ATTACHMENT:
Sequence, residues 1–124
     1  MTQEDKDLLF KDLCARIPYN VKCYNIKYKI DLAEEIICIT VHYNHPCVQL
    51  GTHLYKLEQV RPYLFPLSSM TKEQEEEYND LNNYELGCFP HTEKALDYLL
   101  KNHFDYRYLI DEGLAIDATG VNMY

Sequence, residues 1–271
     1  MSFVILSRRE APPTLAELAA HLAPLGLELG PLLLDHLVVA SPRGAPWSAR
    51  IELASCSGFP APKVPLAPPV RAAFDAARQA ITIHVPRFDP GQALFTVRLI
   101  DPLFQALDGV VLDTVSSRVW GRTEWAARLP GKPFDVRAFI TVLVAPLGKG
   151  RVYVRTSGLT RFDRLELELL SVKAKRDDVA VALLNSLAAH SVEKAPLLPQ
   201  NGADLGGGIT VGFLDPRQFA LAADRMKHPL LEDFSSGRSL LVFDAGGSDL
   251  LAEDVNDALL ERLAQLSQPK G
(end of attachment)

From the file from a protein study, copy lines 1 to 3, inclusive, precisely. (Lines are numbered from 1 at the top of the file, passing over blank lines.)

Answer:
Sequence, residues 1–124
     1  MTQEDKDLLF KDLCARIPYN VKCYNIKYKI DLAEEIICIT VHYNHPCVQL
    51  GTHLYKLEQV RPYLFPLSSM TKEQEEEYND LNNYELGCFP HTEKALDYLL